These factors are of further significance when it is appreciated that the diffused hydrogen can advantageously be burned in the interstices of the diffusion barrier by the process of surface combustion thereby raising the temperature of this member in direct heat exchange with the reactants, to a condition of incandescence. An advantage, therefore, of this aspect of the invention is that it provides a simple and effective method for carrying out reactions that are either completely or largely endothermic. While these remarks are of particular significance at the present time in respect to the reaction of methane and water vapor, itlwill be seen that they are also lapplicable to reactions involving hydrocarbons and carbon dioxide provided that a product gas of relatively high carbon monoxide content is preferred.

In order to describe the invention more in detail, reference is now made to the accompanying drawing wherein Fig. 1 discloses, more or less diagrammatically, a vertical section through a synthesis gas generator embodying the principles of the present invention; and Fig. 2 is a more or less diagrammatic representation of an alternative synthesis gas generator and associated flow system, represented on a more or less reduced scale.

In accordance with Fig. 1 of thel drawing, I0 represents a synthesis gas generator having an outer cylindrical wall II and frustcconical end wallsv I2 and I3 respectively. The wall I2 is provided at its axial center with a mixing nozzle I4 comprising an interior nozzle I5 and an outer nozzle I6 coaxially disposed so that gaseous reactants fed therethrough are thoroughly and-turbulently mixed in the vicinity of the outlet portions of the nozzle.

The outer nozzle I6 may be fed with one of the reactants through inlet pipe I1 whereas the inlet pipe I8 feeds the other gaseous reactant'to the inner nozzle. The pipe Il may supply methane or natural gas. However, any light gaseous hydrocarbons may be substituted there# for, and the process is equally adaptable to the use of heavier hydrocarbons of substantially any molecular weight provided they are suitably vaporized, atomized or otherwise supplied in condition suitable for reaction.

The inlet I8 may be fed with gaseous oxygen, carbon dioxide or water vapor or mixtures of these' depending upon the availability of the respective reactants, the desired composition of the gas produced by the generator, and the temperature of reaction.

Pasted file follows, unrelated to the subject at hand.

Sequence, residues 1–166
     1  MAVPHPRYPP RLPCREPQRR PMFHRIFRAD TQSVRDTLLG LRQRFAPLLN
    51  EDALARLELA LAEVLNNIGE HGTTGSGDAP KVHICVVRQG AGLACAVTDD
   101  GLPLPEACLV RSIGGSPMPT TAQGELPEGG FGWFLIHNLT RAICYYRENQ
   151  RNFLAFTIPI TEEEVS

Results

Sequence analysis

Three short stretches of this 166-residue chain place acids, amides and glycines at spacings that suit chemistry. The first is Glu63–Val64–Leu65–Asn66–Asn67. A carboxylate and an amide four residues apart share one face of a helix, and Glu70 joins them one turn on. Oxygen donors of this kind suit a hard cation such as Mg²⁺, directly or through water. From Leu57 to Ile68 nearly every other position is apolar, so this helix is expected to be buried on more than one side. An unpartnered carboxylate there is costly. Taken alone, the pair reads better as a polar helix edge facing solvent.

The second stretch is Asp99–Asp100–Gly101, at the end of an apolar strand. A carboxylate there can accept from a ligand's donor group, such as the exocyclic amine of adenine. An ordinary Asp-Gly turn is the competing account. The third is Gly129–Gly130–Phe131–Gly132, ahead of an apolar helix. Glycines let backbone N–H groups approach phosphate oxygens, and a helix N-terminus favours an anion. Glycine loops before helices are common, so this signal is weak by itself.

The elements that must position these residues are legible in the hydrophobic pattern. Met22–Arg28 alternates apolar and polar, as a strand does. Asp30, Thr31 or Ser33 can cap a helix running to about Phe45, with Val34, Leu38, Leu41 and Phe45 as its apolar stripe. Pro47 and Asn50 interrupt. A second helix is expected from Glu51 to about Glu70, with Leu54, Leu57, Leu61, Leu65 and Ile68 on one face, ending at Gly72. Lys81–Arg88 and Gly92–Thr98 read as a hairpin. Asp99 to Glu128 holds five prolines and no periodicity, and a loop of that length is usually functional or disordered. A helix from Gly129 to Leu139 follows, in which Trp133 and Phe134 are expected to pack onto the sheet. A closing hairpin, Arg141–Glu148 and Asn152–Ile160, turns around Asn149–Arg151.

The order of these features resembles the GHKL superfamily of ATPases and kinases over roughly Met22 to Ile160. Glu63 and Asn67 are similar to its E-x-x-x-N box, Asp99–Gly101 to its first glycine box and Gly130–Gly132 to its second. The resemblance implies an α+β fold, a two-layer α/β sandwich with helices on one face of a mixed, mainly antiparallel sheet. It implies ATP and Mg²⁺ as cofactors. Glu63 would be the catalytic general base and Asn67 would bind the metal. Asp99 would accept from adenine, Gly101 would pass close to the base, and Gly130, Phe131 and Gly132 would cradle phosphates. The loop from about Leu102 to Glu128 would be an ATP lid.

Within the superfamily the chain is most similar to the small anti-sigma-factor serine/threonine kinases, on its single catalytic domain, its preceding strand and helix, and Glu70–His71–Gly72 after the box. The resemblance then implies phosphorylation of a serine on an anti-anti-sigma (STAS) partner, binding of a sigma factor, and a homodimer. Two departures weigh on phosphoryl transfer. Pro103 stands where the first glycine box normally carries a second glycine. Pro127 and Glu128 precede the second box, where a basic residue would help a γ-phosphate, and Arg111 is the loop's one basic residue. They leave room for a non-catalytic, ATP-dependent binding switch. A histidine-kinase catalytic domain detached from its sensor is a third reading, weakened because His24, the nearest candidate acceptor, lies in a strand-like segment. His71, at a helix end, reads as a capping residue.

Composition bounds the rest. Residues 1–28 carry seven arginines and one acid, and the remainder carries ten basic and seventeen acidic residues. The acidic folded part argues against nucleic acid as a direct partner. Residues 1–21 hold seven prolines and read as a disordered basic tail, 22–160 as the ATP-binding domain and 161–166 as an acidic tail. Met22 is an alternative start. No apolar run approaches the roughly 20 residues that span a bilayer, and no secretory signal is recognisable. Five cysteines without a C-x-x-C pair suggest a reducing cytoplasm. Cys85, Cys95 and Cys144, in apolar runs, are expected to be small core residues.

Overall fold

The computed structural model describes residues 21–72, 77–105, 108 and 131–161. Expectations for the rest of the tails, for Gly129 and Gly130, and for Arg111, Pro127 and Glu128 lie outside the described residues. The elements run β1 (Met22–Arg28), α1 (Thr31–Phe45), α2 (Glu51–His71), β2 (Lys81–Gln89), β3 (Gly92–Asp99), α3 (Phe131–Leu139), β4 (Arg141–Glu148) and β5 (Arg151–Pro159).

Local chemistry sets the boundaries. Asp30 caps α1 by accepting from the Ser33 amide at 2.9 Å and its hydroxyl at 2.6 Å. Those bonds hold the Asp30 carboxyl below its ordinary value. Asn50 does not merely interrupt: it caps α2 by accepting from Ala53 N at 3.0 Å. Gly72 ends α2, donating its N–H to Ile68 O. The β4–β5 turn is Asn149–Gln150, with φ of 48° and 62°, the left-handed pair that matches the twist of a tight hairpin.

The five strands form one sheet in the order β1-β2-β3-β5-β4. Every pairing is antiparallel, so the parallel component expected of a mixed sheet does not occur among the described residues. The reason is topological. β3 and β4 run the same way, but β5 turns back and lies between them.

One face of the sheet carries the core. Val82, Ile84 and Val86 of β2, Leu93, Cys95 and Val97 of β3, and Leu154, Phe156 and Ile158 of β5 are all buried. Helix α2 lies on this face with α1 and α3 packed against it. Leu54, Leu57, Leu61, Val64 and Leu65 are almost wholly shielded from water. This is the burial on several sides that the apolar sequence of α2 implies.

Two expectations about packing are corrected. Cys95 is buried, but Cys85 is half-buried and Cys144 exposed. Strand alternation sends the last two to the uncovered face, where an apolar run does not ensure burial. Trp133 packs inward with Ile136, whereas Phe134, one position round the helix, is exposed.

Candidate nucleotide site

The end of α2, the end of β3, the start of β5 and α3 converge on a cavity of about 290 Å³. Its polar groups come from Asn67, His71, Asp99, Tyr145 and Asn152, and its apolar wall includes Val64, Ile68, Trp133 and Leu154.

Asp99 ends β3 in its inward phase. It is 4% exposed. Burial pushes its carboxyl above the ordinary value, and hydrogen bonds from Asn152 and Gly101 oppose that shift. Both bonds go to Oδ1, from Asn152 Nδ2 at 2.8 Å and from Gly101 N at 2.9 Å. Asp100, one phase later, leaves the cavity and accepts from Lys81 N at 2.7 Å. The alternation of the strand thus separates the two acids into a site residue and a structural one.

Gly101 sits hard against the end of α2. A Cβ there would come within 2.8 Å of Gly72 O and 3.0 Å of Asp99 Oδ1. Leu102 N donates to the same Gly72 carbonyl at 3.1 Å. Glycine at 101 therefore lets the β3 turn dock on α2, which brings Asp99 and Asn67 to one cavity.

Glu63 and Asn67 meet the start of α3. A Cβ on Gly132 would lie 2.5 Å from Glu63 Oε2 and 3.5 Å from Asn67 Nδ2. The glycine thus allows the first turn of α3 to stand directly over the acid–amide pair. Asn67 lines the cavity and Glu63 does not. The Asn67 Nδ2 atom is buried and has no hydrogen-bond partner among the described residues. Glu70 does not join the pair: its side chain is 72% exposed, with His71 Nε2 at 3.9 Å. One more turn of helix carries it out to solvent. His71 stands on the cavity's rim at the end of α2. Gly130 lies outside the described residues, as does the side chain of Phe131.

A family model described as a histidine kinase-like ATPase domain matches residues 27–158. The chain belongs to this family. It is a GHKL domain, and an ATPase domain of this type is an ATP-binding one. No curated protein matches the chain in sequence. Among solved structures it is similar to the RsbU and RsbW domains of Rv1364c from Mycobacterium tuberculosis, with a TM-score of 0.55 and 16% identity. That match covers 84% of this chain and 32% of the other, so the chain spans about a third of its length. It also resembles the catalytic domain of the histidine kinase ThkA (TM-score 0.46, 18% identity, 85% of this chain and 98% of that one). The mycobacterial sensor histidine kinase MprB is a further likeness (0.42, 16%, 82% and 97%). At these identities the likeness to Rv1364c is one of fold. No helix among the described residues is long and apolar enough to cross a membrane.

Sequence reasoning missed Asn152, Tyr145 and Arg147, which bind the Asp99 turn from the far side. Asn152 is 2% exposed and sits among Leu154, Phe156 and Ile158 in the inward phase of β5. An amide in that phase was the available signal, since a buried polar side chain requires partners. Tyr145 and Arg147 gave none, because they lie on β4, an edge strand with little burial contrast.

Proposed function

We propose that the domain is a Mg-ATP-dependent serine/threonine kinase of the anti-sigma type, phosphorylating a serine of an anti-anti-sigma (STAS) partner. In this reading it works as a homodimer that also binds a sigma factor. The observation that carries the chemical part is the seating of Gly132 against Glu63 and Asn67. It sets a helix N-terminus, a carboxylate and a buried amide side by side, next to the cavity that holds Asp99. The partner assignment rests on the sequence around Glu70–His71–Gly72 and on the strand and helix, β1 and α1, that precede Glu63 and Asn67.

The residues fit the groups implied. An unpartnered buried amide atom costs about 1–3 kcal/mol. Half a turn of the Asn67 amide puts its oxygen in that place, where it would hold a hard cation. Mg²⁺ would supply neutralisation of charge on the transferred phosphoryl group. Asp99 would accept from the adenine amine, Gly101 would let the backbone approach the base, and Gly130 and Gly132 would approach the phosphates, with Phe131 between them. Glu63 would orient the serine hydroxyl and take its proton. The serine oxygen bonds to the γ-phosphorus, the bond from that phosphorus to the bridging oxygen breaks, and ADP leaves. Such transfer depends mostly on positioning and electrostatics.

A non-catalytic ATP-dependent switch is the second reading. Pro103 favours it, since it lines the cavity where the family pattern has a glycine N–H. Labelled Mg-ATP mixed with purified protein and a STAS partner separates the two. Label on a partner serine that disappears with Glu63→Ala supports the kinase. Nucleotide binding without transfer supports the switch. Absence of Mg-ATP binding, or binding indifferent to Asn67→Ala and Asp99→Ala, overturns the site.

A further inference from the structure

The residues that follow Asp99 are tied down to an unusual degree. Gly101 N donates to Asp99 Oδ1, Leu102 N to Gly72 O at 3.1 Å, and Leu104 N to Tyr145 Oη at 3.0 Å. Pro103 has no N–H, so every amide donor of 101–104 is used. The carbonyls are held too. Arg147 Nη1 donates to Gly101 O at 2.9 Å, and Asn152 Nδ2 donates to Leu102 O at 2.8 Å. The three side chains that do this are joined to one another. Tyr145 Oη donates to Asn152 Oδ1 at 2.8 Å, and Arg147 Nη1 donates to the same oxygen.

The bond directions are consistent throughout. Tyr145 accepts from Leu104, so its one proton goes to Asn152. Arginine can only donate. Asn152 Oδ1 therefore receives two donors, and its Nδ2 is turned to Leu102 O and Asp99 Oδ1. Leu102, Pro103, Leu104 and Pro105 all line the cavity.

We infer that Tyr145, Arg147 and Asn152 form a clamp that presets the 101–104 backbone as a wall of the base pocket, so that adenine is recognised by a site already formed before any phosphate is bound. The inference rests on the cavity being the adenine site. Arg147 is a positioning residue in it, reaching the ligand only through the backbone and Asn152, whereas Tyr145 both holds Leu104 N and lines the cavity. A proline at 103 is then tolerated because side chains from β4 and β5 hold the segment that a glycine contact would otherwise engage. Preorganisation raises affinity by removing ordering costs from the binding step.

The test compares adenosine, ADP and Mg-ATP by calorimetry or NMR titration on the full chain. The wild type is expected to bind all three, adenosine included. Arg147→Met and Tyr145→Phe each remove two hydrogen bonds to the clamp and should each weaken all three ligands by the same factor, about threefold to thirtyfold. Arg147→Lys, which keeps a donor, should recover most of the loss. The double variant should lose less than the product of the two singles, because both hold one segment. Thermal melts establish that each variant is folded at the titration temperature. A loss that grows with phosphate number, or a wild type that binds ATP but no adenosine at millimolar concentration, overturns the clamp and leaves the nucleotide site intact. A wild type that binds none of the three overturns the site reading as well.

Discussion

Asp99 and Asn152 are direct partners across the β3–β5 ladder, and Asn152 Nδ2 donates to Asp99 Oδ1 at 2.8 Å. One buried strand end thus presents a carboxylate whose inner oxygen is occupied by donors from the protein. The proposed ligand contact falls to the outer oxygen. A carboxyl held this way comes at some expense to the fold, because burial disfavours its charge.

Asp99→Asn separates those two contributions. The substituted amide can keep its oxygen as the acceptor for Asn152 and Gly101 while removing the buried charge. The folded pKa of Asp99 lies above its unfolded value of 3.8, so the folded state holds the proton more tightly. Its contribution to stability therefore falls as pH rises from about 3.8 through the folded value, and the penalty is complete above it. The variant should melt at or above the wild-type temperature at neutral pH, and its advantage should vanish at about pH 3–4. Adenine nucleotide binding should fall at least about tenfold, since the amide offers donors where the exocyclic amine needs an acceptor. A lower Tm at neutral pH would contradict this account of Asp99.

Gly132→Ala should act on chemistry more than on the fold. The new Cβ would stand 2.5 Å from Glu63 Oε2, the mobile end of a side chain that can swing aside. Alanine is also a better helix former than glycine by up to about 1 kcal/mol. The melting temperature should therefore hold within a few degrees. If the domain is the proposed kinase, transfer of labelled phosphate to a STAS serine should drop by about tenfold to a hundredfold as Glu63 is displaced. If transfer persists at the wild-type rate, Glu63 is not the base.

Thus, for example, while reaction ,of oxygen with methane is exothermic, reaction between the methane and carbon dioxide or water vapor is somewhat endothermic and use of substantial quantities of carbon dioxide or water vapor may necessitate careful conservation of heat energy. It is in connection with the water vapor-methane r reaction that the invention will be more particularly described.

Preferably the inner faces of the frustoconical walls I2 and I3 are provided with a heat insulating, refractory lining I 9 which terminates at permeable diffusion barrier 20. More specilically, the diffusion barrier 20, as shown, comprises a cylindrical wall or tube, radially spaced inwardly from the cylindrical wall II of the generator unit, and thus separating an internal or gas generation zone from an external jacket or zone for the recovery of hydrogen-rich gases.

From the foregoing it will be apparent that the cylindrical member 20 should be formed of any suitable material adapted to promote the preferential diffusion of hydrogen. In short, this member comprises a reticulated or porous wall section provided with continuous capillary or other passages extending from side to side and of such cross-sectional dimensions asto permit diffusion of hydrogen at a substantial rate while resisting, relatively, the diffusion of carbon monoxide and other gases in the reaction zone;

In operation of the present generator it is advisable to provide a diffusion barrier of a thickness of, for example, at least 0.010 inch and preferably of about 0.025 to 0.050 inch. Suitable tubes may be constructed of unglazed porcelain or porous Carborundum. Appreciating, of course, that the material must be of suitably refractory characteristics to withstand the elevated tem- :f 7 and carbon monoxide in a lower molar ratio than that of the gas which would be formed in the generator in the absence of the diffusion barrier.

The products of combustion from the tube 2l may be used to preheat incoming gaseous reactants by any convenient heat exchange means, not shown.

The process may be operated with reactant gases consisting solely of methane and oxygen to produce a product in which the molar ratio of hydrogen to carbon `monoxide is less than 2:1. It may also be operated upon reactants consisting of carbon dioxide and methane to produce a product wherein such ratiovis less than 1:1 and in the case of reactants consisting of methane and water vapor the product ratio may be substantially less than the theoretical 3:1.